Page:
It is exactly on this situation that the reception centres for migrants, especially the CAS and the CARA(6) that are less prepared than the staff from the SPRAR have started to notice that these women were in risk of being trafficked or already in a situation of trafficking. Therefore, for the women that have done a request for International Protection, the Territorial Commission has started to try to identify the potential human trafficking victims, normally focused on Nigerian women by passing to the anti-trafficking regional referents from the Art. 18(7)  system or to the IOM team. These women normally started to interrupt their asylum seekers process in order to start a judicial or social path with the Art. 18, which grants the permit only for six months being renewable for one year.

Furthermore, the Art. 18 provides to the victim the possibility of having access to a full protection package that not only includes accommodation, but also psychological and legal counselling as well as job training so the woman can achieve her full autonomy by not pressing charges with the social path or by being engaged as a witness in the investigation through the judicial path. However, how it has been observed by several Institutions [8]; [9], the Questure(8) tend to only grant the Art.18 permit in case of that the victim press charges against the traffickers.

Therefore, once that the Territorial Commission has started to interrupt the asylum request of the potential human trafficking victim and pass them to the system of Art.18 it has been verified that they would not only have access to a permit that has a shorter duration that the granted actual International Protection, but also the women will normally have obliged to press charges against their traffickers.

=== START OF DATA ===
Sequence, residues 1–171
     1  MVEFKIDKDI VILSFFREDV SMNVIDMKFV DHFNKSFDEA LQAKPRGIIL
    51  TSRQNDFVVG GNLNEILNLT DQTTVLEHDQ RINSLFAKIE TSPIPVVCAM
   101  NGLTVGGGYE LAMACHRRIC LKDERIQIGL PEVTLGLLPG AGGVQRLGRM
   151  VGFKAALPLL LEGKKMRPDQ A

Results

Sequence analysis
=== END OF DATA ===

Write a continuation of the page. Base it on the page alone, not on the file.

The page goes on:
Furthermore, the protection of Art. 18 when it was designed was mainly for women that have already been sexually exploited and were in a situation of danger in the destination country(9).

However, many of the women who have been identified as human trafficking victims or potential human trafficking victims arrive in Italy without being actually exploited, but with the obvious purpose of being exploited and with no apparent danger in the destination country. Therefore, the Territorial Commissions has started to attribute the International Protection through the application of the guidelines of UNHCR [10] that provides the International Protection mainly based on the exposure to danger, persecution and marginalization in the origin country of the victims.

The women that are granted the International Protection should also have access to special reception centres previewed by the Art. 17 of the law decree 142/2015 that foresees the introduction of vulnerable categories in reception centres with a particular assistance and integration program.

However, the granting of the International Protection, on the contrary of the ex-Art. 18 is totally independent from the obligation of the completion of the protection path as it was previously foreseen by the Art.18. Hence, the women in order to have access to the permit are not obliged anymore to fulfil the requirements that were previously requested by the Art. 18, such as the completion of the protection path or exiting from the sex industry, even if it is done totally disconnected from any kind of exploitation. In fact, it has been observed that these measures have been insufficient since that even if the women were identified as potential human trafficking victims and have been inserted in a protection path they could still be attached with their exploiters. 

Best Practices on combating human trafficking